Unfortunately, this was the image of Mindoro perpetuated by the American-inspired public school system that lingered in my imagination during my childhood years. It was not until my parents allowed me to travel to Mindoro on my own, that the foreboding image of Mindoro eventually dissipated. Much of the work of changing the image of Mindoro was done by Antoon Postma. During the summers I spent on my grandmother's farm near the Hanunoo homeland, I often anticipated an occasional meeting with kind and gentle Mangyan who would pass through the farm on their way to their hillside homes.

Unfortunately, I never got to meet Antoon in person. I had hoped to see him in 2017 on my next trip to Mindoro. We corresponded a bit when I was doing my graduate work in anthropology. He also sent me a draft of the Surat Mangyan handbook that he was preparing at the time. I knew about him about primarily through my father who held Antoon in very high regard as the bastion and keeper of Mangyan culture that was being threatened by the onslaught of vested interests in the Mangyan highlands. Until the 1970s, N.V.M. Gonzalez’s Mindoro, the island of migrant frontiersmen and women who eked out a living in the ash-covered loam of Oriental Mindoro, was becoming a no man's land. The Mangyan, the islands’ original inhabitants, were being pushed further up into the interior highland. Land grabbing was rife and mining interests eyed the highland’s rare minerals with a greed matched only by the indifference of local government bureaucrats. N.V.M. Gonzalez described his relationship with the Hanunóo in his major essay on literary criticism, Kalutang:

“It is said among the Hanunóos the body and soul are not readily separated… I have lived among the Hanunóos; I grew up among them. I have watched them walk down the jungle trail, interminably making song with two wooden sticks. The song helps the soul know where the body is…” (Kalutang, 1995). In his 1941 novel, The Winds of April, N.V.M. Gonzalez depicts the shared struggle of both the Mangyan and the swidden farmers as they battle two-legged pestilence and the dangers of forest life.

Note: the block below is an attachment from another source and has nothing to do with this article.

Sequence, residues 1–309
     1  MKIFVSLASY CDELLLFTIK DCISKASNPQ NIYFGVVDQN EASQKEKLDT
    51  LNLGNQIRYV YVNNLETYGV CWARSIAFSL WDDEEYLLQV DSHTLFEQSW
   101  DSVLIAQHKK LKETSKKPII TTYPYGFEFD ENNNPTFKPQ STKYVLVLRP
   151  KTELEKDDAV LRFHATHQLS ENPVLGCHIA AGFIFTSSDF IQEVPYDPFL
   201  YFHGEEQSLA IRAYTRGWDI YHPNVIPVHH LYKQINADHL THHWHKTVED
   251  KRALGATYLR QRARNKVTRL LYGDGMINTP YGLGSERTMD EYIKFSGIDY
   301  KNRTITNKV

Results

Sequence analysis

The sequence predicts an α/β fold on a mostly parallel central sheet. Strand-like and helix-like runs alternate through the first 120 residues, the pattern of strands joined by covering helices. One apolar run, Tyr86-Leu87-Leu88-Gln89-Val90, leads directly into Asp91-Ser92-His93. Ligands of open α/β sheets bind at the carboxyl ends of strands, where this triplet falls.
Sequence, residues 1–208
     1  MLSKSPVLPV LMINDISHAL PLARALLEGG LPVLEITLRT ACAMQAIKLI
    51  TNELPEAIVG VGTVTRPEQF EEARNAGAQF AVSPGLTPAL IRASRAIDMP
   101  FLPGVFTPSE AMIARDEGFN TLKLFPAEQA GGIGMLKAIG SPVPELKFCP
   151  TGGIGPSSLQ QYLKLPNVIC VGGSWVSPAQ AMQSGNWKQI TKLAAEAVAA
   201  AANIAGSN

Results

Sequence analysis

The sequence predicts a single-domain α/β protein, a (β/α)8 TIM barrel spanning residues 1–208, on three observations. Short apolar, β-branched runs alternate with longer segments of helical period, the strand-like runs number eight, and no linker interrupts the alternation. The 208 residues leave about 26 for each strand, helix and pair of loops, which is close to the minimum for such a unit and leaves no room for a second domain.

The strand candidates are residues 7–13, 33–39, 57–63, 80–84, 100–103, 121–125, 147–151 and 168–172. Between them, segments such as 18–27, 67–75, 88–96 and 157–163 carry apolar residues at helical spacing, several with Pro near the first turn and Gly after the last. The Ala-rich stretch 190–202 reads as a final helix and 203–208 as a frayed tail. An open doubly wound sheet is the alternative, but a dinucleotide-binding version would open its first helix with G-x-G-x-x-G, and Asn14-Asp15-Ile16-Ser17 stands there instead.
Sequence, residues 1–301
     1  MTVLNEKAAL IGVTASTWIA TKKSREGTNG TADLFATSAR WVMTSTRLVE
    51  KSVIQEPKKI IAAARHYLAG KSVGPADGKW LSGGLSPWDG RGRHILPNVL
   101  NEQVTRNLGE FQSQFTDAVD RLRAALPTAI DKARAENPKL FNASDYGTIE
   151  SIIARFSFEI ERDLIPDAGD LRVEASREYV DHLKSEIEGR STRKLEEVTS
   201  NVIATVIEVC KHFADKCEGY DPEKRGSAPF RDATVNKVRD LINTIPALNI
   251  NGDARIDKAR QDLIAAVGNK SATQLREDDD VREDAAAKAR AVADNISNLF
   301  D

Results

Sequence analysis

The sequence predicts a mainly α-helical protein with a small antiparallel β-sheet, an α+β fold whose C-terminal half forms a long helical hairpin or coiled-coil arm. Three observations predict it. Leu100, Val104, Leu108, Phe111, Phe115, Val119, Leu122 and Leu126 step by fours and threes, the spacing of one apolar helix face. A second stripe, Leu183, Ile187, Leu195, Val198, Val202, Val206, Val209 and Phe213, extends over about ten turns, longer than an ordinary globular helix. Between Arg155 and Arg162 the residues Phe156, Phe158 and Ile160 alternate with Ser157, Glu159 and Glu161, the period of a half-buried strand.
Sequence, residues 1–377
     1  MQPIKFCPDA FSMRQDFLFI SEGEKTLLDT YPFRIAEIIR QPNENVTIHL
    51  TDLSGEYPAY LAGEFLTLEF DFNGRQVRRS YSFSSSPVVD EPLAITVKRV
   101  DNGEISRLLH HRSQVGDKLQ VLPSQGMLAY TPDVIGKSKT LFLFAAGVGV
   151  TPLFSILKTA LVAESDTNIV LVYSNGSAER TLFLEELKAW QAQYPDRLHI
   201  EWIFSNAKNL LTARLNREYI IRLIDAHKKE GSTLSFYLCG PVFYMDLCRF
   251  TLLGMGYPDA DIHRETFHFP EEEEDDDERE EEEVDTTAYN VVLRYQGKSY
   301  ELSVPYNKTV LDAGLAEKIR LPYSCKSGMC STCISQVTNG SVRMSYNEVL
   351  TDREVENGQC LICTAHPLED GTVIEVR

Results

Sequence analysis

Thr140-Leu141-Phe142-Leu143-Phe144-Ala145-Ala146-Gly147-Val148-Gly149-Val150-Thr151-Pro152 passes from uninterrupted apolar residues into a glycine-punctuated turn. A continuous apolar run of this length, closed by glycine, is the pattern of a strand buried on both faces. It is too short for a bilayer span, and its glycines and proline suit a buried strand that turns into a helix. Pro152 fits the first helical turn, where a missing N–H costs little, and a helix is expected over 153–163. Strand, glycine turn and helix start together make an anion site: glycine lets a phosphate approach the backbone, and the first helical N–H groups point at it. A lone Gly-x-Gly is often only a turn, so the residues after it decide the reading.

Antoon Postma, then an SVD missionary, seized on the urgency of the moment and became the archivist and promoter of the culture of the Hanunóo, who to this day continue to use the only living syllabary of pre-colonial writing in the Philippines. Surat Mangyan as it came to be known, gives evidence that precolonial inhabitants were not illiterate Indios as inscribed in colonial histories. Both baybayin and the Laguna copperplate inscription show that early Filipinos were equipped with indigenous literacy well into the early 17th century. In fact, Antoon Postma is credited with deciphering the mysterious script writing on the Laguna copperplate, one of the most important archeological finds in Philippine history. His long study of the surat mangyan gave him an advantage.

Along with surat mangyan came the exquisite art of the Hanunóo ambahan, a unique genre of extemporaneous verse that the Hanunóo recorded by writing on leaves or bamboo strips and tubes. Most were usually love messages from a suitor delivered by a traveler who might be headed towards the maiden’s village. Postma was instrumental in recognizing the ambahan heritage as a part of Filipino indigenous oral and written literature. To assist in popularizing the Mangyan heritage, he inspired the establishment of the Mangyan Heritage Center based in Calapan, Oriental Mindoro to provide information, research materials and Mangyan crafts to the public. I am particularly fond of my bamboo bookmark, which is inscribed with a surat Mangyan poem translated by Postma:

In his correspondence, Antoon explained to me how important his scholarly work was in keeping Mangyan culture viable.

my sweetheart. so nice and fair write it on the bamboo tall we have now agreed all right and wherever we will meet just now at this hour of night on a trail or on a street have it written on the wall in a hut or in a house one day I will be your spouse

my sweetheart. so nice and fair write it on the bamboo tall
we have now agreed all right and wherever we will meet
just now at this hour of night on a trail or on a street
have it written on the wall in a hut or in a house
one day I will be your spouse